Briefly describe your life and what you think makes it unique.
I’m a widow mom, author, speaker and coach who is constantly juggling, growing, seeking opportunities and trying to remain grounded and present as a parent at the same time. My 30-year-old husband, Todd, died of a heart attack in his sleep in 2007 despite having no risk factors and being a tall, skinny, healthy former college athlete.
This massive stressor had a profound impact on how we live today. My daughter, Brooke, was only 10 months old at the time of his death so one of my key goals is to ensure she knows what a great man her dad was. I weave stories about him into our everyday life.
His heart attack at a young age also puts Brooke at risk for developing genetic heart disease so I’m constantly educating her on how to make the right choices with diet, exercise and lifestyle so she grows into an adult choosing healthy lifestyle habits. Plus I want her to just be a kid so I don’t want to be too overbearing with all the “rules” for health.
My 100% commitment to her health and safety often causes my own wellness to slip to the bottom of the priority list so I make sure that I schedule in me-time several times per week to recharge and reflect on my own growth and health.
Most importantly I try to live a low-stress, fun and interesting life that is infused with little adventures, flexibility and exposure to new ways of thinking and living. I love traveling with my daughter and now that she is getting to be a little lady (she’s almost seven) our options for travel destinations opens up. She likes travel too as long as we’re going somewhere that doesn’t require a shot!
What are some of your favorite tips and strategies for coping with the chaos?I’ve developed several philosophies for dealing with chaos and craziness as I’ve evolved my business, Happy Hour Effect. Here are a couple of my favorites:
- Build in 2-3 minutes every hour to do a mini-meditation. I don’t chant or sit in a dark room. I simply stop what I’m doing and stop thinking about what’s next. We’re always thinking about what’s after this meeting, after work, this weekend, next month – and very rarely do we just stop to focus on the present moment and where we’re at right NOW. By building in just a couple of minutes every hour, I’m able to appreciate where I’m at, evaluate if I’m working on the right tasks to get me closer to my goals and reset my physical body by taking deep breaths.
- My Life Mapping process visually lays out all of the moving pieces of life – work, hobbies, commitments, core life (kids, health, etc.), big challenges and big dreams. I use it for myself and my clients to help get a grip on all of the things we juggle everyday so we are better able to decide what needs to rise to the top of the priority list. I’ve had so many people tell me this exercise changed their lives. It’s pretty powerful to see all the stuff that fills up your life down on paper and to have a real grip on what needs to happen to change your challenges.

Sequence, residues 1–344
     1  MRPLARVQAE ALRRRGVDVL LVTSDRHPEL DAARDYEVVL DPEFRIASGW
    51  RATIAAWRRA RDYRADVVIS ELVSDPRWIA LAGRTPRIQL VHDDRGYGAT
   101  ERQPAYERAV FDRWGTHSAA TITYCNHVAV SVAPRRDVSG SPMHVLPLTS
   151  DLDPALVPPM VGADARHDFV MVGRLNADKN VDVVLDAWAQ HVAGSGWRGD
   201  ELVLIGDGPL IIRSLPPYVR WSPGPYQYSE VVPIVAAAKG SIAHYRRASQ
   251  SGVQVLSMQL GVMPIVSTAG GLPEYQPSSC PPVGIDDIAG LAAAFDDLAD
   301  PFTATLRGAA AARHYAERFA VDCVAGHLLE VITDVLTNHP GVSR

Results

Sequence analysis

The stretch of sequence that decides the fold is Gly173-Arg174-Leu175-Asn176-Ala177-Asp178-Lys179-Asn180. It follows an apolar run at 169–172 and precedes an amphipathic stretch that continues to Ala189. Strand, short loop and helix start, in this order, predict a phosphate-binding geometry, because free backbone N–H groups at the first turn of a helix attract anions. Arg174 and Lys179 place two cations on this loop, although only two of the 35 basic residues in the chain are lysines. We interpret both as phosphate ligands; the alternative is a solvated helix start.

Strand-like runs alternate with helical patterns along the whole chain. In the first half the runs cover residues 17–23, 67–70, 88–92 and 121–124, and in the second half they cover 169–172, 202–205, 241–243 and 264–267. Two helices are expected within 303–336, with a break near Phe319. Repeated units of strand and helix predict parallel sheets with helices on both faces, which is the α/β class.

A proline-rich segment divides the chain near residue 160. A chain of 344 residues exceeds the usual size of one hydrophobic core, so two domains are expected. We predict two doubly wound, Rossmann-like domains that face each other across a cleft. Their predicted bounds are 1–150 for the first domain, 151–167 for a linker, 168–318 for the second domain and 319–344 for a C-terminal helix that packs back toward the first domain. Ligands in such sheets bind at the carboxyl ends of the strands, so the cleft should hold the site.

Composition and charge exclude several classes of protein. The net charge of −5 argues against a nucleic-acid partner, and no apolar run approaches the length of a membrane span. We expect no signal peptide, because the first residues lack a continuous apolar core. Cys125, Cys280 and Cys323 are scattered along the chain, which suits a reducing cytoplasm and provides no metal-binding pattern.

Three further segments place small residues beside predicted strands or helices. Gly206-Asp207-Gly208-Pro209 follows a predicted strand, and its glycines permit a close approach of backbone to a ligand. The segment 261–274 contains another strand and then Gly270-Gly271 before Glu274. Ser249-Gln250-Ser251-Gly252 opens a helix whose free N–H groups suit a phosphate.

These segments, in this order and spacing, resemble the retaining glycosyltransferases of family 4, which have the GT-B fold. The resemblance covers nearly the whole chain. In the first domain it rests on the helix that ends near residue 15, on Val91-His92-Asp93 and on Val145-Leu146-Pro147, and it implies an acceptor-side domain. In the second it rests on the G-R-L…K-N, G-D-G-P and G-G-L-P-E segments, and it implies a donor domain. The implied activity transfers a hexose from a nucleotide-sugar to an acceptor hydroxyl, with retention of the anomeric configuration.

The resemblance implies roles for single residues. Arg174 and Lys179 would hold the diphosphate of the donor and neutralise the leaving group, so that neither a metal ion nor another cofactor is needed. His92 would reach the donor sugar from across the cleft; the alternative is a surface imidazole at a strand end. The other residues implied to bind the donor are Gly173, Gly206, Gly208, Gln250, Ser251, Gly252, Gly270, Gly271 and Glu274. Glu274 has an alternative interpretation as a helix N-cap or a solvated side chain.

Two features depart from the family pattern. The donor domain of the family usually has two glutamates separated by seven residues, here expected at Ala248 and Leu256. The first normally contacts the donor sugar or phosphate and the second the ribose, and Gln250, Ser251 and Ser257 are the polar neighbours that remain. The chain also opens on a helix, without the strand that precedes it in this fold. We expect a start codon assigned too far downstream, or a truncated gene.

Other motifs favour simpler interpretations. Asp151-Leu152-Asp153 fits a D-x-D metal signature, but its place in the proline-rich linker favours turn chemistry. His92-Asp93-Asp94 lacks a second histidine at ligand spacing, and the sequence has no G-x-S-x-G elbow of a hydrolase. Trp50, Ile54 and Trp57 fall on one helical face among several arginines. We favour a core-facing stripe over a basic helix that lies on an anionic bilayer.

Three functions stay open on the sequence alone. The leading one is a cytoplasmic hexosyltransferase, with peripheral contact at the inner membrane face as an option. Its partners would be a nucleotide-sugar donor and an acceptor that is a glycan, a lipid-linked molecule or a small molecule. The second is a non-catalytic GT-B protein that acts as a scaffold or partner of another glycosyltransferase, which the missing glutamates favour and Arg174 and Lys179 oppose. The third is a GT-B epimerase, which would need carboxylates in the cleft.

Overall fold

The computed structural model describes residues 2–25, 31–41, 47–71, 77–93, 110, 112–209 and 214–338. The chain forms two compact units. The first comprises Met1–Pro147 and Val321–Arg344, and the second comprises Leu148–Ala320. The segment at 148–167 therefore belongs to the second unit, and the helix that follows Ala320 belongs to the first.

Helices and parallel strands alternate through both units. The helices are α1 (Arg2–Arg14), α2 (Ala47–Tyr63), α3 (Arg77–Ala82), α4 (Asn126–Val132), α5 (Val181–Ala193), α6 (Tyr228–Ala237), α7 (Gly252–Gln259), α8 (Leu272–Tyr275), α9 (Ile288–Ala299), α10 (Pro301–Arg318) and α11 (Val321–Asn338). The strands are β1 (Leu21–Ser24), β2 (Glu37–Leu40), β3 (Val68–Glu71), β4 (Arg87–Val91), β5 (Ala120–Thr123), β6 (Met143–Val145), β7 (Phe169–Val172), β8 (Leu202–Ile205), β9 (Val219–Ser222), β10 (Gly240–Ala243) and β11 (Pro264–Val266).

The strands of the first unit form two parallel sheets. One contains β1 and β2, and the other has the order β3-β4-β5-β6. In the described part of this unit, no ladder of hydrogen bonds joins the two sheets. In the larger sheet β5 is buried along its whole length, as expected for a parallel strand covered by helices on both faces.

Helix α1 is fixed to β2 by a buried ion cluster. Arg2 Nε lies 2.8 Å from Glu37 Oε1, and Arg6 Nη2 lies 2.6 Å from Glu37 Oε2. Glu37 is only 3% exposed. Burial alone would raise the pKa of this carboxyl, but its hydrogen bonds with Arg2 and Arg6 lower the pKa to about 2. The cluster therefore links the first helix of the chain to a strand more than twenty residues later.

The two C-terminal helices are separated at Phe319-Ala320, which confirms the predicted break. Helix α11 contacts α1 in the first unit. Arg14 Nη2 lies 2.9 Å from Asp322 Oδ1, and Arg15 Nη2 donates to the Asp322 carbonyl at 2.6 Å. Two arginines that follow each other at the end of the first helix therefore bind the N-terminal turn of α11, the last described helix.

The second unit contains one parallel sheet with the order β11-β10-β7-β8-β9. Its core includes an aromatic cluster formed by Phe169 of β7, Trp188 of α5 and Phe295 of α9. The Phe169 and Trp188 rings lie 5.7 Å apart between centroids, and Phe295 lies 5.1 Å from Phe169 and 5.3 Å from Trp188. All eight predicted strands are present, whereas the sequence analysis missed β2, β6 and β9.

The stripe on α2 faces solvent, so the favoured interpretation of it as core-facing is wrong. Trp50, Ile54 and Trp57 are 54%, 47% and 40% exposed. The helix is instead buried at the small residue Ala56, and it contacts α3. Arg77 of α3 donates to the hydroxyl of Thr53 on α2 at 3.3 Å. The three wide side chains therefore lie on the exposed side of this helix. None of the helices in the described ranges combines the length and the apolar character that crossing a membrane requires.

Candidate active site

Trying to remain a happy, positive parent while growing my business and writing life while working 40+ hours a week does not work for me, but it has been a necessary evil a couple of times over the last six years. Now that my own business is thriving, I’m day-job free. Money still gets tight sometimes but I’ve decided that it’s not worth the stress to have a full-time day job busting my ass for someone else just for a big paycheck.
I’m happier and my daughter is happier when I’m doing what I love even if we have to cut back on life’s little luxuries to get through the tight spots.
Do you have any balance role models? Anything you try to avoid because it wouldn't work for you?
I can’t think of a specific balance role model but I have anti-role models – people who I see living super-stressed lives and trying to juggle way too much. I know I don’t want to be in that place so they always remind me to stay on track with what works for me and my daughter. (a.k.a. no full-time day job!)
I also know that I need to avoid getting over-scheduled. When my calendar gets so filled up that I don’t have time to actually get anything done, I get a little nutty. I consciously manage my calendar and spread out my meetings and appointments over time leaving a few hours of unscheduled time every day.
Think back to your 18th birthday. How is your life different from how you expected it to be then?
When I was 18 I planned on going to medical school, getting married, having a few kids and dogs and living a stable, luxurious life on a hobby farm somewhere. I had no idea how hard real life really is.
As teens and even into our early 20’s we have such grand, amazing plans for life. Then some big setback occurs to level-set our reality and make us aware that life isn’t a big party all the time. It’s hard too. But the ups and downs create the person you are evolving into every day.
As I’ve aged (I’m 30-something), I become more and more wise to the ways of the world. I have a lot to learn yet and just laugh when I think back to those carefree days of my youth. I had no idea I would end up a widow. A harsh reality no doubt.
I also would never have dreamed I would be a bestselling author, national TV personality, coach and speaker inspiring others to go after their goals and dreams despite the inevitable stresses of life. A pretty sweet reality!
Every setback has turned into a lesson for growth and that’s what I remind myself every time I feel overwhelmed or stressed out.
I CAN have it all but not always all at once!
Relate to what Kristen is saying? Leave her some love in the comments. Read other posts from The Having It All Project here. Want to participate? Send me an email at email@example.com.
photo credit: www.erinandiphoto.com